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The relationship between science, music and the arts has been demonstrated in various contexts. In the 1979 book Gödel, Escher, Bach: An Eternal Golden Braid (Basic Books), for example, author Douglas Hofstadter used the exploits of mathematician Kurt Gödel, artist Maurits Cornelis Escher and composer Johann Sebastian Bach to illustrate the cognitive underpinnings that their fields have in common.

Less well documented is the idea that scientific research and musical composition share a number of essential stepping stones. One might loosely classify them into four steps: onset, development, refinement and exposition.

Ideas start germinating in many ways. Scientific collaborators often engage in “jamming,” for example, when they interact to decide on a structured way to answer a question. Sometimes researchers notice connections across fields, realizing that a given question has been answered using a certain technique, and that a similar approach can be exploited to tackle another problem – something like introducing a string octet or a sitar into a Beatles song. Or a scientist might just think hard about how to achieve a particular objective. “A-ha” moments can happen anywhere, at any time: while attending a conference, standing at a concert, or watching a captivating movie or a boring talk. The same is true in music: McCartney said that the 1965 song Yesterday, one of the greatest hits of all time, came to him in a dream and that he himself could not believe that he had composed it.

After the early excitement of a new idea comes the next phase: development. Then, once a nebulous idea has been honed and better defined, it is time for practical implementation. Both scientists and musicians can work alone, or embark on a collaboration. Hawking‘s work with mathematician Roger Penrose led the pair to conclude that the Universe began as a singularity. McCartney’s contribution to The Beatles is hard to disentangle from John Lennon‘s. But both Hawking and McCartney also have long track records of brilliant solo contributions.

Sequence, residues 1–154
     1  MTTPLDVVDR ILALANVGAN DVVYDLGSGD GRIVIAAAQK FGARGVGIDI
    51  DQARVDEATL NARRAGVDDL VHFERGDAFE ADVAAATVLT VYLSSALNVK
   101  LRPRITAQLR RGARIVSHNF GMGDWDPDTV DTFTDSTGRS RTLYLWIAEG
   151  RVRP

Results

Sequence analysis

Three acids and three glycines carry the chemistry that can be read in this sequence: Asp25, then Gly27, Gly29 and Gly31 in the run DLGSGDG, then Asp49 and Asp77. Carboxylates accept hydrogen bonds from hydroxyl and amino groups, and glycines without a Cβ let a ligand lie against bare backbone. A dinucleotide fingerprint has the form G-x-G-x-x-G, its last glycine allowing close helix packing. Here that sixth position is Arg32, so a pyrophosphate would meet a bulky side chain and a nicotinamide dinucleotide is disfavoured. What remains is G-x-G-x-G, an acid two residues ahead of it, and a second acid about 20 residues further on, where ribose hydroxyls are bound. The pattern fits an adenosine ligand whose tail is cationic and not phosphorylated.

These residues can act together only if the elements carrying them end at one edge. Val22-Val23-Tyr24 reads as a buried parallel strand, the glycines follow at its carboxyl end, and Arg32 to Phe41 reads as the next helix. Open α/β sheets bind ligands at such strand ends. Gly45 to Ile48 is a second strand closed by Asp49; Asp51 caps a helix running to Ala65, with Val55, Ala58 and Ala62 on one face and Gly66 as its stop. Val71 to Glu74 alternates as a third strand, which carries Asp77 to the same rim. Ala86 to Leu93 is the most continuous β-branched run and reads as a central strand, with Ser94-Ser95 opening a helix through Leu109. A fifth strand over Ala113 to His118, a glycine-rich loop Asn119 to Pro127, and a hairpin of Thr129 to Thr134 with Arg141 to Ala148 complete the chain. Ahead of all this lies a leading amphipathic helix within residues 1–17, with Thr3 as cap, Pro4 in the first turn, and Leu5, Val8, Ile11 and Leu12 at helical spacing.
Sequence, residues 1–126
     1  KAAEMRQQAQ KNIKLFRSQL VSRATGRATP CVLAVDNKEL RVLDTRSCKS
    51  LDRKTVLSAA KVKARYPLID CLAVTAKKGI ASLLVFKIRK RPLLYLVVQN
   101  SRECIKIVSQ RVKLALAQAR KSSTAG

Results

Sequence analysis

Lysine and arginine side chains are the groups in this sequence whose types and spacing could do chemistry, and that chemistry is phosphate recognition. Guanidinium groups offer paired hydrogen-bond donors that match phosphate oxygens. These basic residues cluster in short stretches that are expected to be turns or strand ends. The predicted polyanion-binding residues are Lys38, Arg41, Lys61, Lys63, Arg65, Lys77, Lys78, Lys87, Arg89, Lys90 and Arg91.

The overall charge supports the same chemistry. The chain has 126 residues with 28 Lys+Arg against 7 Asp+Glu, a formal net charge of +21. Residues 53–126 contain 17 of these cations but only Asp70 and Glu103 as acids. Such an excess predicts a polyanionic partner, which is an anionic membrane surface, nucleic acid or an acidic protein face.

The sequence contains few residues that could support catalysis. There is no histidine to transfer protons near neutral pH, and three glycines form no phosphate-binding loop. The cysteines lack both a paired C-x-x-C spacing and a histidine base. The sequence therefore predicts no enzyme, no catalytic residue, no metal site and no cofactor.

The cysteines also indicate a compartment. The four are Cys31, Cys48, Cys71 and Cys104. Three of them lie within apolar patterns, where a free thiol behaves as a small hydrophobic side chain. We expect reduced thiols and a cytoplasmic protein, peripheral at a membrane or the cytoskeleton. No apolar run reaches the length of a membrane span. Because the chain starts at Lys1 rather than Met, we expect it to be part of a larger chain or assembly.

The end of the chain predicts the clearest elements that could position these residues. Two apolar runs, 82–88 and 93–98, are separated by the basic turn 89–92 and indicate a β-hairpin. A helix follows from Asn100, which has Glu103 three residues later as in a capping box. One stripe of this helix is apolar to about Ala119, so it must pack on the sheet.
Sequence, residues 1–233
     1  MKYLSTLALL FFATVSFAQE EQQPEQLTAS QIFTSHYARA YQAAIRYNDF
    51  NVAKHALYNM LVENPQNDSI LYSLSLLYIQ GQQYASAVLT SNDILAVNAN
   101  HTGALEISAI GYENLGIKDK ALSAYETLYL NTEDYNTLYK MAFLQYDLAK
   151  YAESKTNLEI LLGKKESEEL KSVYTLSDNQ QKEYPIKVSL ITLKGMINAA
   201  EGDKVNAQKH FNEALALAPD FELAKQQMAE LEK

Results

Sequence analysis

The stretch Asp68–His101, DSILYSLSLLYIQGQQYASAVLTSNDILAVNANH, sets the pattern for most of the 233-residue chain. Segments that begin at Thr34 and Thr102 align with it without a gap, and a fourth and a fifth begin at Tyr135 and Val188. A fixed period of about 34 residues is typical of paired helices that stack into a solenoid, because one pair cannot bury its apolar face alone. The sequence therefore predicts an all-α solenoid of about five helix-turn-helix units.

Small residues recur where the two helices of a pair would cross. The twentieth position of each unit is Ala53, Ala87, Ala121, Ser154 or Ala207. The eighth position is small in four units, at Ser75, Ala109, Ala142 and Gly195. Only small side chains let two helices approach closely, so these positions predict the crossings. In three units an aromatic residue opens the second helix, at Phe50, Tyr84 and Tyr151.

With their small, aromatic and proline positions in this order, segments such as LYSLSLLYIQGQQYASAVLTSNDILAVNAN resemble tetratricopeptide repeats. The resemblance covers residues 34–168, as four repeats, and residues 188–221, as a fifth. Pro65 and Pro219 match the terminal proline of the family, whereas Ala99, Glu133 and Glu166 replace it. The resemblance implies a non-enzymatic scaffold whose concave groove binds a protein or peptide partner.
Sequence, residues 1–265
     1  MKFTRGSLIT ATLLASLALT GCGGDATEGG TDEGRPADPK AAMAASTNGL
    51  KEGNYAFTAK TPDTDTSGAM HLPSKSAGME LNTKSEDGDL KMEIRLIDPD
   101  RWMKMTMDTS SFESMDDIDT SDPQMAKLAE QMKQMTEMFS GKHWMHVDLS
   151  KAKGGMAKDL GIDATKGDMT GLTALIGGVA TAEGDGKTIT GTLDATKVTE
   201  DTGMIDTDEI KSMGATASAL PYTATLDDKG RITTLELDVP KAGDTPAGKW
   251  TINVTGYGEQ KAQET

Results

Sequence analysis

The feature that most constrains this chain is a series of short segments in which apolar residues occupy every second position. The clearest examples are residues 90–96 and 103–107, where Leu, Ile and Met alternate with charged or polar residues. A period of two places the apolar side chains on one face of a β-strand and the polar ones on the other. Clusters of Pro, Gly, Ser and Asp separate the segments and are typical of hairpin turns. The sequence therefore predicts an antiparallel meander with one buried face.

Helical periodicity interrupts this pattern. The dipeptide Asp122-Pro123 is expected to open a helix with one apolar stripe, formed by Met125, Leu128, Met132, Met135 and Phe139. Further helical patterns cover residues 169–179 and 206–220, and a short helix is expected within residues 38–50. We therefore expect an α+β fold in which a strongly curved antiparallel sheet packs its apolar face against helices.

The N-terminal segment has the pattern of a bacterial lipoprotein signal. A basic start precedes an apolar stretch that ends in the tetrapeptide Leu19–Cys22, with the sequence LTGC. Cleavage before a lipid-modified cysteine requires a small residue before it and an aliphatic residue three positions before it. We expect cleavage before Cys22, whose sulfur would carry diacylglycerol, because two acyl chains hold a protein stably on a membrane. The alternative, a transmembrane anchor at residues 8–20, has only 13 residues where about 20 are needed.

Refinement is the last part of a project. You know that you have some nice results and that the work has potential, yet it has to be presented and rendered accurately. This phase can sometimes be frustrating. The song has been written, but still needs recording; computations work, but must be submitted to a journal for review. Musicians can spend hours on detailed clean-up in the same way that scientists might repeatedly review their arguments to weed out weak points, eradicate misplaced assumptions or identify overlooked data.

Once the songs are released and the papers are published, there is the last phase: exposition. How will people judge your work? Papers will be read and songs listened to by a varied audience: scientists will give talks and musicians will perform at concerts. A community will perhaps slowly start to form an opinion on the materials you obsessed over for weeks, months or years. You might feel great pride or satisfaction – or you might become disillusioned.

Some musicians will be lucky enough to land a recording contract and find success; some scientists will earn an academic post or tenure. For the rest, there is always the option of instilling Hawking’s dream – to spread into space and reach out to the stars, across the Universe – into their career pursuits. Many will search out alternative scenarios and then find the means to uncover their own professional niche – a cross-disciplinary, cross-genre space in which few have dared to jam before.

Stéphane DetournayNature

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